White Sox

Jake Petricka could be back in White Sox bullpen mix by Monday

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Jake Petricka could be back in White Sox bullpen mix by Monday

DETROIT -- The White Sox won’t hold Jake Petricka back when he’s ready to rejoin the club, which could happen as soon as Monday.

The relief pitcher is already set for a second rehab appearance on Saturday after he came out his first game in good shape, manager Robin Ventura said on Friday morning.

Ventura said Petricka, who finished last season with a 2.96 ERA and saves in 14 of 18 tries, would instantly become a trusted option in his bullpen.

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“He’s a good right-handed, ground-ball guy,” Ventura said. “He spent some time as the closer and I think last year was a good learning curve for him to be able to get back and hopefully get another (guy) in there that is a quality arm.”

Petricka tossed one inning for Triple-A Charlotte on Thursday nigh, throwing strikes on 11 of 16 pitches. His performance comes on the heels of a 25-pitch simulated game in Glendale, Ariz. earlier in the week.

The addition of Petricka would appear to further strengthen the back end of a bullpen already bolstered by the offseason additions of David Robertson, Zach Duke and Dan Jennings. With Zach Putnam struggling early -- though he threw a scoreless inning on Wednesday -- the White Sox haven’t had as much consistency from the right side in bridging the gap to Robertson.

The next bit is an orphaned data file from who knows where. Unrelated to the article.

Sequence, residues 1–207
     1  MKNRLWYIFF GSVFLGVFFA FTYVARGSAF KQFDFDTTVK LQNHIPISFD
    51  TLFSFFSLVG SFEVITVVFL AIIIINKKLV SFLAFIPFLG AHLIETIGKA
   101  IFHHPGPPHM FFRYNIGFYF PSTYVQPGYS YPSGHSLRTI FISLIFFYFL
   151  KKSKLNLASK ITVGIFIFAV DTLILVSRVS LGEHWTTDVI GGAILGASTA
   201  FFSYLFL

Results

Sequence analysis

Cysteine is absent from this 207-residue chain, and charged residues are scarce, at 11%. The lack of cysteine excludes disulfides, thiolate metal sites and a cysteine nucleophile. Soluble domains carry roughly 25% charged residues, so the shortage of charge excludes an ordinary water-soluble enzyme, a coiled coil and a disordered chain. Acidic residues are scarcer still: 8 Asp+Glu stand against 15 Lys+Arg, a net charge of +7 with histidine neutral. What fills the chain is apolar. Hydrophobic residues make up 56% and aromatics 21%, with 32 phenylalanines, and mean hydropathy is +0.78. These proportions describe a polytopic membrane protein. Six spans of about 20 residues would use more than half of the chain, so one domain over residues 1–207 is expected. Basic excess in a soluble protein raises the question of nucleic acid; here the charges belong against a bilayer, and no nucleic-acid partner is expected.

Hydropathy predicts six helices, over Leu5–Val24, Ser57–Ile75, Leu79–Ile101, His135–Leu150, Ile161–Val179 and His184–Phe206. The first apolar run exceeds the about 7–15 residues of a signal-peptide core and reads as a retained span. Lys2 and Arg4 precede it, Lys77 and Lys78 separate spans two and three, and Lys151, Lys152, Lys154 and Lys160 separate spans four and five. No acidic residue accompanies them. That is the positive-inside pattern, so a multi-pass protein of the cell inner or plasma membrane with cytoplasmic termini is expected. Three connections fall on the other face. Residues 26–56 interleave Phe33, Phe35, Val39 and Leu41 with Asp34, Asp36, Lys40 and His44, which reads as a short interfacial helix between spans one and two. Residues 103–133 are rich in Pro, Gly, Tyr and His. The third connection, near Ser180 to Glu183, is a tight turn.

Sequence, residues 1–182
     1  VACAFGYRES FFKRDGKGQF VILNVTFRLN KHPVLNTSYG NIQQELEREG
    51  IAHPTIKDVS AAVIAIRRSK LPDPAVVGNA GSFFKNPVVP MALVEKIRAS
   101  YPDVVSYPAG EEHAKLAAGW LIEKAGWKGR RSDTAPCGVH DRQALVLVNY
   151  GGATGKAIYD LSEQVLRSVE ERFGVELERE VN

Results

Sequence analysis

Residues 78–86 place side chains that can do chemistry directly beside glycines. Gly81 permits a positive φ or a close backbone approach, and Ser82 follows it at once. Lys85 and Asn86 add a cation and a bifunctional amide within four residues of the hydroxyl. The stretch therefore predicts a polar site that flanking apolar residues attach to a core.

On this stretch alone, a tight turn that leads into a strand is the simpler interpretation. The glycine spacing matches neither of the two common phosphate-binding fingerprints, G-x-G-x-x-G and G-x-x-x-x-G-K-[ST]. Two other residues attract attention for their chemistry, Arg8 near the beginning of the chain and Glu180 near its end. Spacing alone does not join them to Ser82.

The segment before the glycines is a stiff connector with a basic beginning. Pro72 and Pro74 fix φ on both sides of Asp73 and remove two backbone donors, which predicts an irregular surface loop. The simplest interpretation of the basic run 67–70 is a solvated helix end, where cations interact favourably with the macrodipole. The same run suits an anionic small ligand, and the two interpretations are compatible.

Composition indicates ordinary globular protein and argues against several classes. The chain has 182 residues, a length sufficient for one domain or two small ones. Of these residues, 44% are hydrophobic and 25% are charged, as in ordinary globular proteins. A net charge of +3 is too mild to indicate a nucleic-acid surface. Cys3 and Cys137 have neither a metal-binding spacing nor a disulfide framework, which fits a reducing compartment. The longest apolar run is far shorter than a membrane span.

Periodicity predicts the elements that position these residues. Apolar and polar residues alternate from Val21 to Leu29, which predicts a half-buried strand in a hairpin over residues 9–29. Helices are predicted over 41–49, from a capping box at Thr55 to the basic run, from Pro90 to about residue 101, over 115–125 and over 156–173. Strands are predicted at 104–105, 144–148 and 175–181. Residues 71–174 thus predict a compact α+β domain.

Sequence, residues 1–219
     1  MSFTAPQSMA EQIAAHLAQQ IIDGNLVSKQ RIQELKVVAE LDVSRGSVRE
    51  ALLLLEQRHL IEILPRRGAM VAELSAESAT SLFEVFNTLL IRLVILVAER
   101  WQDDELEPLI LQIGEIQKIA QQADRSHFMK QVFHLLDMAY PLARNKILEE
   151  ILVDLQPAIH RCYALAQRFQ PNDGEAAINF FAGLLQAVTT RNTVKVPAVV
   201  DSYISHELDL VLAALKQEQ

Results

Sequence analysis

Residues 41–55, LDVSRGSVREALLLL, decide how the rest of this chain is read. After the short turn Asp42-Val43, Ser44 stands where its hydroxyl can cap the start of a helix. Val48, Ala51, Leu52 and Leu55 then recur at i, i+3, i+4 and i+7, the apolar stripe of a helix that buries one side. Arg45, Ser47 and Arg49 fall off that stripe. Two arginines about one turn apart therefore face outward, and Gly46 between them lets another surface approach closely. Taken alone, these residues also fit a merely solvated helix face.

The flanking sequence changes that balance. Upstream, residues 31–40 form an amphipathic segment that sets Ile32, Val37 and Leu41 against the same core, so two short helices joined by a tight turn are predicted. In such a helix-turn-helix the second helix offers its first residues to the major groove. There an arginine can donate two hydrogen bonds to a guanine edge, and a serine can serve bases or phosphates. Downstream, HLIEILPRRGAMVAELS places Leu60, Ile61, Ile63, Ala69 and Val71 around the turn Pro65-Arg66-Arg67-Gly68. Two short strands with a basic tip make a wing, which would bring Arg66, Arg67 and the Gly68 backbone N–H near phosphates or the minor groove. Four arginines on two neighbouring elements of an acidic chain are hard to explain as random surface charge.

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Petricka did an admirable job when he and Putnam split closing duties the final three months of last season. After injuries to Nate Jones and Matt Lindstrom, the White Sox were in salvage-mode in the late innings. Ronald Belisario struggled mightily but Putnam and Petricka converted 20 of 25 opportunities for a team that blew 21 saves.

“He threw well and all things are a go at this point for him to throw (Saturday) and we’ll re-evaluate after we see that,” Ventura said. “You pitch him where you need to pitch him. That’s why he’s out there. He’s been through enough already that you’re able to put him in there. It’s not like we’re going to ask him to go three or four innings.”

-- Ventura announced Jose Quintana would start Sunday’s series finale against the Detroit Tigers. The White Sox could have brought back Hector Noesi, who had his turn skipped with two days off this week.

-- Adam LaRoche is the starting designated hitter on Friday but should get a game at first base this weekend, Ventura said.

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-- Geovany Soto is the starting catcher for a second straight time with Jeff Samardzija. Ventura said he likes their previous work history. “He has a good feel for him and there’s a familiarity there so I like that,” Ventura said.

-- The White Sox don’t intend to call up Carlos Rodon just because the Cubs have promoted Kris Bryant. Rodon allowed three earned runs over five innings for Triple-A Charlotte on Thursday.

“I’m not going to sit here and (say) just because somebody else does something we have to do something,” Ventura said. “Until you get a report and you have a need, we’re playing in Detroit today.”

Strikeout machine Alec Hansen wants to be the best ... OK, one of the best

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AP

Strikeout machine Alec Hansen wants to be the best ... OK, one of the best

GLENDALE, Ariz. — On a day when Jose Abreu and Yoan Moncada took live batting practice for the first time this spring, off in the distance was a lanky White Sox prospect standing in the outfield grass.

But Alec Hansen was doing more than shagging flies. He was watching both hitters very closely.

“I was looking to see how much pop they had,” Hansen said of Abreu and Moncada. “I kind of look at that to see the difference in power between minor league ball and the major leagues. It’s nice to see it’s not a huge difference. That makes me feel a bit more comfortable.”